Urban Exploration at my City's Subway

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Diver-from-Depths 31/10/15 (Sat) 23:42:18 #35241784


The cold December raindrops were beginning to fall softly. I could feel them hitting my body, making a tingling sensation, yet nothing was going to disturb my ponderings. A hatch at ground level was going to lead me to a place that is considered a myth, the Metro-2. How did I manage to find it so easily? The uncertainty was starting to make me hesitate. I'm alone in an open field. I could slip and die inside the old tunnel. I don't know what awaits me, but whatever it is, I'll have to be ready. I cleared my mind, thought of best-case scenarios. 'Local man finds Moscow's Metro-2.' That was the best I could hope for.

I used all my strength to open the rusty old metal plate. The screeching sound seemed like an announcement of death; it ran through my bones, sending a shiver throughout my body. I was already in place, to turn back would have been cowardly. I convinced myself that there was nothing to be afraid of, that I could manage to get out with my skills in case something happened. I took a deep breath, inflated my lungs and relaxed my body.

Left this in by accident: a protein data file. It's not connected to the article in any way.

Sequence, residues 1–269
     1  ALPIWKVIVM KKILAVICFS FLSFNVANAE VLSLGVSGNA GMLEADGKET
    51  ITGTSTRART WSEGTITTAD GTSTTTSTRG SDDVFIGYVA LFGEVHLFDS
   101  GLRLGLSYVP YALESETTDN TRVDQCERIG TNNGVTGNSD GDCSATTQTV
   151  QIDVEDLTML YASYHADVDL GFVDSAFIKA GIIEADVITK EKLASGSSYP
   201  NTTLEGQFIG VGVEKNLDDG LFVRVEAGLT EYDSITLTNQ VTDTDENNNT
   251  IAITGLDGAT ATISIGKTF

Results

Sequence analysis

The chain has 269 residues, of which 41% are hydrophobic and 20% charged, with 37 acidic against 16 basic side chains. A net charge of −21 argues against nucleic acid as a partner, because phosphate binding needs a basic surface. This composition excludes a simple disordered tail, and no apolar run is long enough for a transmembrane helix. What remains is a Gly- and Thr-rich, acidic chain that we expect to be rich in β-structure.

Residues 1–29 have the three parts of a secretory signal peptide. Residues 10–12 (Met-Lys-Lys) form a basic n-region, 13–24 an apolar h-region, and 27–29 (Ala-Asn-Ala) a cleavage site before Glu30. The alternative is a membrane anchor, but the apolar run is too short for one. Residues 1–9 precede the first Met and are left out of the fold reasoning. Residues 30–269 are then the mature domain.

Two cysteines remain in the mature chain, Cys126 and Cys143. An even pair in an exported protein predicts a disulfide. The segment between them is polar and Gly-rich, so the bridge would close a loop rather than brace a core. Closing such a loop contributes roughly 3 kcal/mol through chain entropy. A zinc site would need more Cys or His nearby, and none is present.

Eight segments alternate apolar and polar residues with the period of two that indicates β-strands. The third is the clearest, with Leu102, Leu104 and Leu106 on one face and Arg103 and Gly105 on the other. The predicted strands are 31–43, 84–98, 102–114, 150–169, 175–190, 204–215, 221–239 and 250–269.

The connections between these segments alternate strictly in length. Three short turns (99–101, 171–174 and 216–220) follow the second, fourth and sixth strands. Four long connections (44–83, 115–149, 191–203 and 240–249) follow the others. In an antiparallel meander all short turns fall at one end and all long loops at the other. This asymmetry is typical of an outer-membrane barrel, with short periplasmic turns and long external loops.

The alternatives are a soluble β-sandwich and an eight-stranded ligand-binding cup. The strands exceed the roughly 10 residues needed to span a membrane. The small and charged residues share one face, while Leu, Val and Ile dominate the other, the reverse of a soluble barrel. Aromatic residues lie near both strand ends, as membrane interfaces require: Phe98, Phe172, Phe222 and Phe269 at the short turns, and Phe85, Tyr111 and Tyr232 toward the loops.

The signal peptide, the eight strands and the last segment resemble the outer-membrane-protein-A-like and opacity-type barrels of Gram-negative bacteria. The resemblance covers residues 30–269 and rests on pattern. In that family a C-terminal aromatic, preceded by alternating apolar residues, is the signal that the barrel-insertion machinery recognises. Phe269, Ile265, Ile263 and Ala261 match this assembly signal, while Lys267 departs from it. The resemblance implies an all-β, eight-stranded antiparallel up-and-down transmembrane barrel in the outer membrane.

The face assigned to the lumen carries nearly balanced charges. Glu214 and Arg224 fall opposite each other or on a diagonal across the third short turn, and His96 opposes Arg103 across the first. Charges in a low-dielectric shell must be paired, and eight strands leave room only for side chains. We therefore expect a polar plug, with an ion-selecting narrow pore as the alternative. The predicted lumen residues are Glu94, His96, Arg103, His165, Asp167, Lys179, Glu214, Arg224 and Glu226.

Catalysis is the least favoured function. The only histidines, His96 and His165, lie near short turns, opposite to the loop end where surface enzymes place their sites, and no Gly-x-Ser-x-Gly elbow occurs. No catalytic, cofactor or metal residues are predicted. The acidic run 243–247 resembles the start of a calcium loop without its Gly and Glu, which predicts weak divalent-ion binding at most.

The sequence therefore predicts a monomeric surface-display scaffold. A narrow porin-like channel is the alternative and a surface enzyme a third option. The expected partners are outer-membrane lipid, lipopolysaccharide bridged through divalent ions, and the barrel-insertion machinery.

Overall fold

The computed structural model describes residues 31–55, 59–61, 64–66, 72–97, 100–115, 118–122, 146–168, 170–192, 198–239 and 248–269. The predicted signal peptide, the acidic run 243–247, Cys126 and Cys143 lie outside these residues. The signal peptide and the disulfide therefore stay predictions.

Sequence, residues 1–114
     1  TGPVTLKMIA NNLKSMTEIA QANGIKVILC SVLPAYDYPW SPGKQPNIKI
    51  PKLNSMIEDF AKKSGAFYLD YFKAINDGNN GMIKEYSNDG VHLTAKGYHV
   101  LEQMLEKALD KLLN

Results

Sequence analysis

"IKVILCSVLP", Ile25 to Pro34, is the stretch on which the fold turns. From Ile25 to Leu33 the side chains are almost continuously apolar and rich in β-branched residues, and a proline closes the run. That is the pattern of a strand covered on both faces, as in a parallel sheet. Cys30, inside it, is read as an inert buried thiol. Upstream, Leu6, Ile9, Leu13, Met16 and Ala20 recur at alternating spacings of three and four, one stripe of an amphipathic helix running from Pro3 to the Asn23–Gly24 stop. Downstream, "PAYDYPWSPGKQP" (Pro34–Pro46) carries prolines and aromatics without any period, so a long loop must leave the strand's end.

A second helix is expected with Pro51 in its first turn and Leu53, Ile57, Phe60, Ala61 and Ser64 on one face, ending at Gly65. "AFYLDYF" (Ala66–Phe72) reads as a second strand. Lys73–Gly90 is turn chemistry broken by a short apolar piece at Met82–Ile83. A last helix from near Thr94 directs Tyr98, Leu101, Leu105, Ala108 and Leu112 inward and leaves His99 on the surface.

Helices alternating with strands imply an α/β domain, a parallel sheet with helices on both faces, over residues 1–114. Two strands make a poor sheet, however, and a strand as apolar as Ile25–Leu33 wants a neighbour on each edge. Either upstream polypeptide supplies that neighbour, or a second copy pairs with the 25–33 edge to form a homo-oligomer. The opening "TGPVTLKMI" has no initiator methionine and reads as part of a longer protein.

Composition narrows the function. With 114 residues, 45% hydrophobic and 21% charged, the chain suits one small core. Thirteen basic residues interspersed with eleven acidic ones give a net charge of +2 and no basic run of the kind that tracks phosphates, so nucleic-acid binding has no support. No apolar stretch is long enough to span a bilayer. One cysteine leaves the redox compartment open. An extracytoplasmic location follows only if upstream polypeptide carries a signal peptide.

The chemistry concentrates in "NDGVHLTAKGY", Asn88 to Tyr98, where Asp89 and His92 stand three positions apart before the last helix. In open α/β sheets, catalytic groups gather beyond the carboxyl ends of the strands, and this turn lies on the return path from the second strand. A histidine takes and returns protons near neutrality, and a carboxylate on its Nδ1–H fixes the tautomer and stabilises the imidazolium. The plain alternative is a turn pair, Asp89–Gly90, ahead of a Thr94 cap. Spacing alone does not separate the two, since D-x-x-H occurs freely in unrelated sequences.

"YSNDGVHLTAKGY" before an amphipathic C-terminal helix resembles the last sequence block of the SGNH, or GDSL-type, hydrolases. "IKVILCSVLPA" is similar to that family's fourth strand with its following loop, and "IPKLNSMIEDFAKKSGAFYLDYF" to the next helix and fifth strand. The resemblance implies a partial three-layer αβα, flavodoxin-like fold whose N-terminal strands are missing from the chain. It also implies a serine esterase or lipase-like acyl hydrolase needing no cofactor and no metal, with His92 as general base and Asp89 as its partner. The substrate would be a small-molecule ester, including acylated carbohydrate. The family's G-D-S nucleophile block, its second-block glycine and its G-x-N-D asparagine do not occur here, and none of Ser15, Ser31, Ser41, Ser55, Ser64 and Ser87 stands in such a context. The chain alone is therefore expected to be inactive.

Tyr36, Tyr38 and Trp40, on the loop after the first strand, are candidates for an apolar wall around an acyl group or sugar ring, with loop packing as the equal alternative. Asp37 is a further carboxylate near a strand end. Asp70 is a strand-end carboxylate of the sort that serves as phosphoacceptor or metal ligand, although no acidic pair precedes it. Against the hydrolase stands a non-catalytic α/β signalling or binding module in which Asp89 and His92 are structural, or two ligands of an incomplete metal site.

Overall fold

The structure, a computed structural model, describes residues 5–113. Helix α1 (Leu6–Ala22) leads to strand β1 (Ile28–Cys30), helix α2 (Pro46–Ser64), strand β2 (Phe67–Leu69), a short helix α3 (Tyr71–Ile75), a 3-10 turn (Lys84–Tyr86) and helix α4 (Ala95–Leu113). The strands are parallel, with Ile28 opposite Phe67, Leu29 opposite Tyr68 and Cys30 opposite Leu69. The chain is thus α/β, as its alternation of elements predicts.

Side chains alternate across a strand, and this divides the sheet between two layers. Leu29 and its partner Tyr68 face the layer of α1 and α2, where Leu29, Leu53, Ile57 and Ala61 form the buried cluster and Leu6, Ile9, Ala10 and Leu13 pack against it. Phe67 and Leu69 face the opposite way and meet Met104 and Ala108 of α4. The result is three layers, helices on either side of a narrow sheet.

The rusty steps of the ladder embedded in the wall told me that gloves would have been an excellent addition to my exploration equipment, but now I had to move forward without hesitation. It was cold, the water kept harassing me and the dampness in the narrow space made me nauseous. I wished I had been smarter and not arrived with what I was wearing in the morning. My hands had some slight cuts on them, but there was no blood. I was relieved to say the least.